A URL (Uniform Resource Locator) is a specific type of URI (Universal Resource Identifier). It normally locates an existing resource on the Internet. A URL is when a web client makes a request to a server for a resource. The Internet Society and IETF (Internet Engineering Task Force) defines the concepts of the URI and the URL Components. (http://www.ietf.org/rfc/rfc2396.txt).
Briefly, a URI is any character string that identifies a resource. A URL is one of those URIs that identify a resource by its location, rather than by a name or other attribute of the resource. A newer form of the resource identifier, the IRI (Internationalized Resource Identifier), permits the use of characters and formats that are suitable for national languages other than English. An IRI is in place of a URI or URL when the applications involve the request and response support IRIs.
Your guide to understanding website URLs (3 key parts)
Throughout the next few sections, we’ll look at the three most important parts of a URL for regular users. They should answer the question: “What is a website URL?”
1. The protocol
Consider the following URL:
The easiest part of this address to overlook is the first part. You probably see http:// and https:// at the beginning of every URL and don’t give it a second thought. However, this element – the URL’s ‘protocol’ – is more important than you might think. The protocol tells your browser how to communicate with a web site’s server, in order to send and retrieve information. Traditionally, most sites have used Hypertext Transfer Protocol (HTTP), and you’ll still see this version across the web. However, there’s been a recent move towards widespread adoption of Hypertext Transfer Protocol Secure (HTTPS). While this protocol does essentially the same thing as HTTP. It’s a much more secure option that encrypts the data sent back and forth between the browser and server. That’s why most browsers give it a green security padlock:
Check out our guide to implementing HTTPS.
2. The domain name
Let’s go back to the full URL for a moment:
The next part is the most identifiable element of a web address – the ‘domain name’. A domain name is an identifier for a specific site, which will generally bring you straight to the home page. Of course, a domain name has two smaller parts. There’s the name of the website in question, then the Top-Level Domain (TLD). The latter term refers to the .com, .org, .net designator (among others) at the end of the domain name.
When setting up a new site, it pays to spend some time carefully considering the domain name to use. It should be unique and attention-grabbing, but at the same time clear and easy to remember. To come up with a strong domain name for your WordPress site. use a generator such as Domain Wheel to get ideas and see what’s available:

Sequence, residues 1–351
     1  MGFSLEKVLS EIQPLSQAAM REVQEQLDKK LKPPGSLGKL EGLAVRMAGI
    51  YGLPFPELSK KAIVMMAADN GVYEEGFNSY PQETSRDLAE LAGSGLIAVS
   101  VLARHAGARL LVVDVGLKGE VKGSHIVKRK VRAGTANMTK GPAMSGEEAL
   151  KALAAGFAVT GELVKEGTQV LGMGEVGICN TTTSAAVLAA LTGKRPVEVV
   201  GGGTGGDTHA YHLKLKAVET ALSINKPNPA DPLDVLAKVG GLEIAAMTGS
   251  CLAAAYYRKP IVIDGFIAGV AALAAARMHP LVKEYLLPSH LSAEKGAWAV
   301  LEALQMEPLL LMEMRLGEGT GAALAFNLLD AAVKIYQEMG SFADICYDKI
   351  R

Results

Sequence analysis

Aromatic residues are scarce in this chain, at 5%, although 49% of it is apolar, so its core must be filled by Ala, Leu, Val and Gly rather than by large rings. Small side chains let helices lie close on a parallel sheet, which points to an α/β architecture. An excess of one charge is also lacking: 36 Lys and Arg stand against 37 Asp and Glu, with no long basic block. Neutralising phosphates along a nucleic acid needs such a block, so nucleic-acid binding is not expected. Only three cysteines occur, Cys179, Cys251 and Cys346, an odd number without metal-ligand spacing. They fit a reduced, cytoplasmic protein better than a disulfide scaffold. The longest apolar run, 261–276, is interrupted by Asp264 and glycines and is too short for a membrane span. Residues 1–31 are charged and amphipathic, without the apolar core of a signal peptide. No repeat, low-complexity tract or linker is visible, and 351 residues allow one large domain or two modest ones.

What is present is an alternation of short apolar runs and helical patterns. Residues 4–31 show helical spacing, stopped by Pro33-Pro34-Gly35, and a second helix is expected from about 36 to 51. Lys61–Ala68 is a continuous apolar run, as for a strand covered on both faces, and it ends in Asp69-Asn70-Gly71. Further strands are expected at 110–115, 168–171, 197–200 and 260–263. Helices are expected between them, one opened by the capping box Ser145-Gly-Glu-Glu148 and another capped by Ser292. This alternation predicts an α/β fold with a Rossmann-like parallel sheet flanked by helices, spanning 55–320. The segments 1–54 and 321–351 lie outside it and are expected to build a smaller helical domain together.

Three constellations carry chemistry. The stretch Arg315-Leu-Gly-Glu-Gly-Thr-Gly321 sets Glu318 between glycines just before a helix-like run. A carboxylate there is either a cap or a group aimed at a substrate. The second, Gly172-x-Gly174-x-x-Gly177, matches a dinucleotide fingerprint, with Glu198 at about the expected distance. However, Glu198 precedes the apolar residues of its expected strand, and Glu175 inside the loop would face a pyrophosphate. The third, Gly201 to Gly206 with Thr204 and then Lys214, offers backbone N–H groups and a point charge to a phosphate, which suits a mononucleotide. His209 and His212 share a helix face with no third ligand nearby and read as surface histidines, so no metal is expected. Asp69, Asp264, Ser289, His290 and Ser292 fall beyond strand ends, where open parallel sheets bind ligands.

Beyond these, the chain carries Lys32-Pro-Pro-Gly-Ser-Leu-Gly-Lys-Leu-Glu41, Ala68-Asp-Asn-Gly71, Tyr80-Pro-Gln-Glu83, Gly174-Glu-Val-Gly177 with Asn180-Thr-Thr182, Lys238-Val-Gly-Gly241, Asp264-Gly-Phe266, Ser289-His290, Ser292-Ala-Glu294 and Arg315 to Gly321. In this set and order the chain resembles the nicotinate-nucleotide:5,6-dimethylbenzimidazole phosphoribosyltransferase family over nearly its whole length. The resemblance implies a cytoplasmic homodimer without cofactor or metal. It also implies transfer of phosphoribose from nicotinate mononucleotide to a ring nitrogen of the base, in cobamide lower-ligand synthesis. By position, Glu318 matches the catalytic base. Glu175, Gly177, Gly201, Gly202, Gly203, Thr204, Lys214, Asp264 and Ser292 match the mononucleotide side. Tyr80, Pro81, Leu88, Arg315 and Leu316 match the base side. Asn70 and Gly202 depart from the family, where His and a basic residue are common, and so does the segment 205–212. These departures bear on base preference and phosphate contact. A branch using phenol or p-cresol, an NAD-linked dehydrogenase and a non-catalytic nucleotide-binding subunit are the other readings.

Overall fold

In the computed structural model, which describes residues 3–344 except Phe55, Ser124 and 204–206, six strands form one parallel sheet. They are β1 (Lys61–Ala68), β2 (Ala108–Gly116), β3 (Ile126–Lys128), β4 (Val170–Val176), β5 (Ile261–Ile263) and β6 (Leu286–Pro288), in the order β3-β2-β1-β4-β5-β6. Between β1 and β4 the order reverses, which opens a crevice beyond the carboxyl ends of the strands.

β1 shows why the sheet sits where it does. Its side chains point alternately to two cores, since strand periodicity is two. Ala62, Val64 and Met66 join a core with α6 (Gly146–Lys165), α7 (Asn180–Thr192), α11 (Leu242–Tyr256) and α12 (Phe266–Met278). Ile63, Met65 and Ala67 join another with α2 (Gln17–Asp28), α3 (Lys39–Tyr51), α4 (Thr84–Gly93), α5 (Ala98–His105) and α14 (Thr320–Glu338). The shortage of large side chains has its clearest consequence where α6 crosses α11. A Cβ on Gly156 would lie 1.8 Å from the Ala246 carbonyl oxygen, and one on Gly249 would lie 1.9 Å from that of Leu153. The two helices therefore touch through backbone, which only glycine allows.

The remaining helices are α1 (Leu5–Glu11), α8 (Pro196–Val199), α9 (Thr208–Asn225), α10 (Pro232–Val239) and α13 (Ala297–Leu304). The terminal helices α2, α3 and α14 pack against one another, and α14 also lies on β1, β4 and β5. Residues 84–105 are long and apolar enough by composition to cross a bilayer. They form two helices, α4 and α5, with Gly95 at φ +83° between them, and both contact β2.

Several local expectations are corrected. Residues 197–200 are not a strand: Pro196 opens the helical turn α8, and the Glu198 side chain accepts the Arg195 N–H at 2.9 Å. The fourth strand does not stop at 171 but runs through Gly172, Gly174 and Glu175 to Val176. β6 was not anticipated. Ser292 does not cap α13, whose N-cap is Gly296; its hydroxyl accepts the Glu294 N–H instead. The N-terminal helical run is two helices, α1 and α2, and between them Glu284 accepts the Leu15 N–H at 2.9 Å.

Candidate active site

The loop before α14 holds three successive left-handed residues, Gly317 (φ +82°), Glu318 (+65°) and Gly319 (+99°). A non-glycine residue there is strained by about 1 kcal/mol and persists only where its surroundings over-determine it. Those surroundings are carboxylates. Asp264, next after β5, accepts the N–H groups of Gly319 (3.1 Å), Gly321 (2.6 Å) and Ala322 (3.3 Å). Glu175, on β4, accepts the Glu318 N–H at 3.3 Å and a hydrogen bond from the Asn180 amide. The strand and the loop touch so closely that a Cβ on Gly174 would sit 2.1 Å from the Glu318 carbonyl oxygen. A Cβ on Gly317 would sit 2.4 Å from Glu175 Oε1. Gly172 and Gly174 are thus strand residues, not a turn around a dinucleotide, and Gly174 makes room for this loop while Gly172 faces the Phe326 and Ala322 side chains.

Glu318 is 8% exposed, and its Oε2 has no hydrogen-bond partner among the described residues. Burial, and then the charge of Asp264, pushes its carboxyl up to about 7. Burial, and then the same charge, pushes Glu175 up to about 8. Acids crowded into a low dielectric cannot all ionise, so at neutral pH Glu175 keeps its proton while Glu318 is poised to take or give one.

Your choice of TLD matters as well. For many sites, sticking with .com is the best option. It’s the TLD internet users are most familiar with and are usually expecting, which means it will be easiest for them to remember. However, you can also benefit from choosing a TLD that’s a better fit for your niche or field. There are actually hundreds of TLD options (many of which are region- or industry-specific), so there’s plenty of choices if you want to venture beyond a simple .com.
3. The path
To visit our website’s front page, all you need is the protocol and the domain name: But each individual page or file on a website also has its own URL Components. Once again, here’s what it looks like:
The ‘path’ is the part after the TLD. This is because it directs the browser to a specific page on the website. In this case, it leads first to our blog, then to a particular post: How to Automatically Find and Fix Broken Links in WordPress. The very last part is also sometimes called a URL ‘slug’. As a WordPress user, you actually have a lot of control over what the paths for your URLs look like. WordPress enables you to make changes to your ‘permalinks’, or the individual links to each page and post. You can find this option in your dashboard by going to Settings > Permalinks:
For more information about IRIs, see Internationalized Resource Identifiers (IRIs). A URL for HTTP (or HTTPS) has three or four components:]]>
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